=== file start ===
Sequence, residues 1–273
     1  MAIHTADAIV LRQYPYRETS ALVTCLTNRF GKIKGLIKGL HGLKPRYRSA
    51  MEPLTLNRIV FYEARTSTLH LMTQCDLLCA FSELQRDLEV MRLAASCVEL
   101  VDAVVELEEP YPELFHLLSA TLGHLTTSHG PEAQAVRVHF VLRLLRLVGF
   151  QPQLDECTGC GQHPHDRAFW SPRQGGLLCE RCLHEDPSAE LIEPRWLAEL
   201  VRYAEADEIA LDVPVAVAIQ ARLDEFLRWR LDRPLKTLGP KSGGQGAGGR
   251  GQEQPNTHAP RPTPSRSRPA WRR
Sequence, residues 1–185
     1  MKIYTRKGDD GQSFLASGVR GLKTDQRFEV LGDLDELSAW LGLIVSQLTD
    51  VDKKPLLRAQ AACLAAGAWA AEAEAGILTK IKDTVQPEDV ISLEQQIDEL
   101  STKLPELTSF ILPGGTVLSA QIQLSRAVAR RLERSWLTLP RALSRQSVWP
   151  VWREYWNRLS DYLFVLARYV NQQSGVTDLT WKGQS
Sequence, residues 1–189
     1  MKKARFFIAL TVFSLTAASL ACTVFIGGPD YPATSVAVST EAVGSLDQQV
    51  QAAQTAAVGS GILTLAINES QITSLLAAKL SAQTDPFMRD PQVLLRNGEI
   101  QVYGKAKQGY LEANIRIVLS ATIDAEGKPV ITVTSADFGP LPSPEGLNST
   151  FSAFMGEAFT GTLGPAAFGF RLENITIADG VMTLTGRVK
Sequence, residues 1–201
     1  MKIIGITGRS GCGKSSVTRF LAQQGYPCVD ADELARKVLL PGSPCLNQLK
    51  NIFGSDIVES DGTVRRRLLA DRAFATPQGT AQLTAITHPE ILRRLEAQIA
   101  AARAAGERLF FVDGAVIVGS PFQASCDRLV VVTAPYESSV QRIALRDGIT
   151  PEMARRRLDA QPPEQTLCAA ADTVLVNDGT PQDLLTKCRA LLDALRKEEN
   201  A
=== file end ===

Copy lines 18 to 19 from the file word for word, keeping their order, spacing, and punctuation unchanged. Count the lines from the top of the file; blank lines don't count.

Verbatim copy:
Sequence, residues 1–201
     1  MKIIGITGRS GCGKSSVTRF LAQQGYPCVD ADELARKVLL PGSPCLNQLK